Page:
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Blue Skies
Blue Skies
A History of Cable Television

Cable television is arguably the dominant mass media technology in the U.S. today. Blue Skies traces its history in detail, depicting the important events and people that shaped its development, from the precursors of cable TV in the 1920s and '30s to the first community antenna systems in the 1950s, and from the creation of the national satellite-distributed cable networks in the 1970s to the current incarnation of "info-structure" that dominates our lives. Author Patrick Parsons also considers the ways that economics, public perception, public policy, entrepreneurial personalities, the social construction of the possibilities of cable, and simple chance all influenced the development of cable TV. Since the 1960s, one of the pervasive visions of "cable" has been of a ubiquitous, flexible, interactive communications system capable of providing news, information, entertainment, diverse local programming, and even social services. That set of utopian hopes became known as the "Blue Sky" vision of cable television, from which the book takes its title. Thoroughly documented and carefully researched, yet lively, occasionally humorous, and consistently insightful, Blue Skies is the genealogy of our media society.


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excerpt the basic commodity offered by CATV was highly prized. As noted earlier, demand, especially in CATV’s early days, often out- stripped supply. No matter how many channels were available in a given community, the public has always been interested in more, especially when “more” meant not just more of the same, but more choice and greater vari- ety. This has always been the foundation stone upon which cable television has built. 191 on 2/2/2020, 6:50:02 PM

excerpt In the early 1960s, however, the idea that the television universe might some day encompass 100 or more special interest, advertiser-supported chan- nels was within reach of only a few far-sighted individuals. For most of the viewing public, just getting all three networks was an eagerly anticipated event. Because of the FCC’s allocation policy and the technical and finan- cial difficulties that retarded UHF development, 30 percent of the country received only one over-the-air signal by 1961, and 60 percent of the country could receive only two broadcast TV signals.49 Even by 1965, only 544 com- mercial stations were on the air; another 1,171 available licenses, most of them UHF, went wanting.50 Nine states still lacked a full three-station mar- ket, fourteen states had only one three-station city.51 Of the 253 TV markets in the continental United States, only ninety-three had three or more stations; 172 had one or two stations, and more than half of them just one. 191 on 2/2/2020, 6:50:49 PM

excerpt The marketability of cable’s only real commodity, retransmitted broadcast signals, was restricted to those commu- nities without full access to broadcast television. And cable in the early 1960s was beginning to saturate its coverage of underserved areas. Communities without adequate broadcast TV coverage were being quickly claimed and wired. The remaining isolated rural areas and farmhouses were too widely dispersed to make service economically feasible. Moreover, as the number of operational TV stations increased, the demand for cable decreased. In cities with a full complement of network affiliates, cable could attract customers only by importing regional, independent stations (those stations not affiliated with a network). 197 on 2/2/2020, 6:53:11 PM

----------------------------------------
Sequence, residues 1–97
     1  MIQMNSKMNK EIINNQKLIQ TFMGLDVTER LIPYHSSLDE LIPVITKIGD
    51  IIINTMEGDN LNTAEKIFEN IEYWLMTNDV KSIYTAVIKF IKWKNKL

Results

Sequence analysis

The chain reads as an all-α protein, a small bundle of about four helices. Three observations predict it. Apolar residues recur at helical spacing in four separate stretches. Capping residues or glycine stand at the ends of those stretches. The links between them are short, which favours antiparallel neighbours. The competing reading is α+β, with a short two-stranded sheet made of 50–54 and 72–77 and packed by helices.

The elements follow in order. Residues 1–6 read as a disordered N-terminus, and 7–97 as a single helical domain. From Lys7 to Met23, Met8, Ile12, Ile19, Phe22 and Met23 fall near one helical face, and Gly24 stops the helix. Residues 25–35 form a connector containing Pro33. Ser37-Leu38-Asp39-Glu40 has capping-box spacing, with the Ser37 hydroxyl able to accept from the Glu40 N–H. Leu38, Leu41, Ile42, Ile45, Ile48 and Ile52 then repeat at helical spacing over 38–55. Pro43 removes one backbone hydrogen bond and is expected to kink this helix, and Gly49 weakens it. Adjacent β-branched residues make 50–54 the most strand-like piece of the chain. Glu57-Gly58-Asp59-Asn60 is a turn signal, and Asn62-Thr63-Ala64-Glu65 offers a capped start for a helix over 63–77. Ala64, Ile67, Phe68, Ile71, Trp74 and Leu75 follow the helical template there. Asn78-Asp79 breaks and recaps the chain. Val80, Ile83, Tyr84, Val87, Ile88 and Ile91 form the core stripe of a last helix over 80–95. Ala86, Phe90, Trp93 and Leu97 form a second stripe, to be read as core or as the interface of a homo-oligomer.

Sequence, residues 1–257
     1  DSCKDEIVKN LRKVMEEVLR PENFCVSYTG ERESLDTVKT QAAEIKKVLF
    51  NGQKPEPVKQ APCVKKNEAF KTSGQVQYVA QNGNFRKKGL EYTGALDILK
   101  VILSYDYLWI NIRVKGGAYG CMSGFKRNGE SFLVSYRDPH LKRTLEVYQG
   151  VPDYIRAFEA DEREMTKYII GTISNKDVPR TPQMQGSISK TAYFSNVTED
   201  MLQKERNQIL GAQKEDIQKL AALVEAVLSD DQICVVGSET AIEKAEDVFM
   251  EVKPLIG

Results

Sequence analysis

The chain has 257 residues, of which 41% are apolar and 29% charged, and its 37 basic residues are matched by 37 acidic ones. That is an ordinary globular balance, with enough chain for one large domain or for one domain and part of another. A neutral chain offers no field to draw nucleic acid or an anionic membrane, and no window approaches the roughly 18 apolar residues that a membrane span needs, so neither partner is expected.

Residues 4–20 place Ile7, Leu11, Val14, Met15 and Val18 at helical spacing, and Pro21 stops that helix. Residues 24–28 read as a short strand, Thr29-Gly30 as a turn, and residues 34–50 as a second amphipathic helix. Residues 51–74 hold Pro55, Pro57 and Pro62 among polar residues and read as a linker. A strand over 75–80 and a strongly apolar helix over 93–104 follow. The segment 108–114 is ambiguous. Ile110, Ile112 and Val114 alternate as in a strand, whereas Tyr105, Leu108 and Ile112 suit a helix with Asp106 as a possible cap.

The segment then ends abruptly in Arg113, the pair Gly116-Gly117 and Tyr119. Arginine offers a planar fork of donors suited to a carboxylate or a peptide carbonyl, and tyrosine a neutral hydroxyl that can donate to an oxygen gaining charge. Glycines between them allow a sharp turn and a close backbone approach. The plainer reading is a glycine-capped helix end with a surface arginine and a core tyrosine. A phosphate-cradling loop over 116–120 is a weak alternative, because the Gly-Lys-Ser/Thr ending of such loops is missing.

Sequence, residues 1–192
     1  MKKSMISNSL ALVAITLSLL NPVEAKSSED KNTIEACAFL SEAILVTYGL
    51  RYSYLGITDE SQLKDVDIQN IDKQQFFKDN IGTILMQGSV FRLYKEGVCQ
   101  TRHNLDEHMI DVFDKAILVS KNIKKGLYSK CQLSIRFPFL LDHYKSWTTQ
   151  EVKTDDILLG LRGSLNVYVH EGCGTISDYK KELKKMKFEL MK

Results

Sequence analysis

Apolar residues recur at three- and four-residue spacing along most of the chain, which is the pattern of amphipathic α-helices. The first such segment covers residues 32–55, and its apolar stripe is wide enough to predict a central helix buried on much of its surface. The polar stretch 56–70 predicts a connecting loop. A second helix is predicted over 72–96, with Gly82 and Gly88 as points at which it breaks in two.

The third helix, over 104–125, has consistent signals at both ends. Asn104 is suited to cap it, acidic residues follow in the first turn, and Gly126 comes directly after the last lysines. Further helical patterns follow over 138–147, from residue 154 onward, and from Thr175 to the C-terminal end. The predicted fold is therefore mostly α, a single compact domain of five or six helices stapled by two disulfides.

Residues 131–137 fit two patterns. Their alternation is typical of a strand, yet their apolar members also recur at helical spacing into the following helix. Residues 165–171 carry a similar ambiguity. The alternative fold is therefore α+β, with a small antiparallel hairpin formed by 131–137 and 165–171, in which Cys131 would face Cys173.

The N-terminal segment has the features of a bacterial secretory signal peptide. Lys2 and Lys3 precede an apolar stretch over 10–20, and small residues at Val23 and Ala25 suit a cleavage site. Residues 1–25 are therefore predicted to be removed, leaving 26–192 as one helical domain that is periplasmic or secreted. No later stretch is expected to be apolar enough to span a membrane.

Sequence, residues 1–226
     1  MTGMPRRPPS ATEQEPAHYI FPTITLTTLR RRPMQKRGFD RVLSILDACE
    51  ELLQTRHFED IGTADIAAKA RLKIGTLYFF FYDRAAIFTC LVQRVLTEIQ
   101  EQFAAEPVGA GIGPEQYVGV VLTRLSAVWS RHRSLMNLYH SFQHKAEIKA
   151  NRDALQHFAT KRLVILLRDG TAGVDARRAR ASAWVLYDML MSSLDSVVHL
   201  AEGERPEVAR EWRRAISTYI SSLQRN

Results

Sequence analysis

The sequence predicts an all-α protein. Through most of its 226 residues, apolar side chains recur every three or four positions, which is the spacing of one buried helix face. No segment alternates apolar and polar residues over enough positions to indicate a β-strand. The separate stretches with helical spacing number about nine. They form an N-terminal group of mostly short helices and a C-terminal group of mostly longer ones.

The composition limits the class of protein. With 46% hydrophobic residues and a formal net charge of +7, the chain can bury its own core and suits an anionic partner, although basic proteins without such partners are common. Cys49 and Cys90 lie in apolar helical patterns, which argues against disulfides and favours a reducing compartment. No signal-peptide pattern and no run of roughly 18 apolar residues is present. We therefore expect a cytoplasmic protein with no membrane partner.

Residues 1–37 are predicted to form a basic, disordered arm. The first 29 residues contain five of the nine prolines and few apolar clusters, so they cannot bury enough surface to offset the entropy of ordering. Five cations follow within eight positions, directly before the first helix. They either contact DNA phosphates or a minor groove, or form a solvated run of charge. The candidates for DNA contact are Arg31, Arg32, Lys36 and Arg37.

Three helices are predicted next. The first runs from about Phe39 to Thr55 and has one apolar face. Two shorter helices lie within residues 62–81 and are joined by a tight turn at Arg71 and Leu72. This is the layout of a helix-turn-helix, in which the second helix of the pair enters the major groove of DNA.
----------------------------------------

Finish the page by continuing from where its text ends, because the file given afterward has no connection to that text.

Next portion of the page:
references Carnegie Commission on Educational Television on 2/2/2020, 6:59:05 PM

excerpt According to the paper, which became known as the “Rostow Report,” direct broadcast satellites were technically and economically infeasible, and established terrestrial broadcaster were too constrained by limited chan- nel capacity to provide for the program breadth necessary to serve public needs.37 Cable television, with its multichannel capacity was the key to the future... 244 on 2/2/2020, 7:00:20 PM

references On the Cable on 2/2/2020, 7:01:07 PM

excerpt By the late 1960s, the most advanced dual cable technology could handle forty to perhaps fifty channels, a very large number in comparison with the existing over-the-air service, but still nowhere near the exuberant claims of some writers and analysts. More importantly, technological capacity did not translate into direct application. Television Factbook’s annual survey of ca- ble in 1970 showed only 86 of the nation’s 2,490 system were capable of programming more than twelve channels 246 on 2/2/2020, 7:02:03 PM

excerpt In October 1969, the Commission more than extended that license. In keeping with the developing construction of cable as a local communications utility, the FCC ordered all cable systems with 3,500 or more subscribers to create a channel for local origination programming.82 Part of the rationale was the value of cable as a means of local community ex- pression, especially in service to minority interests. The programming could not be of the automated “time and temperature” variety, and operators were urged to avoid mass appeal fare common to network broadcasting. The Equal Time and Fairness Doctrine requirements of the broadcast industry were also applied. Again, the language used by the Commission was revealing. Cable operators who produced their own material were dubbed “cablecasters,” active participants in the nation’s telecommunications system. The FCC’s cablecasters were allowed to sell advertising on the local channel, revers- ing the earlier prohibition. But bowing to pressure from broadcasters who opposed any form of cable origination, the FCC limited the flexibility of commercial insertions. Advertising could only come at the beginning or end of programming or during “natural breaks” within the cablecast. 257 on 2/2/2020, 7:04:07 PM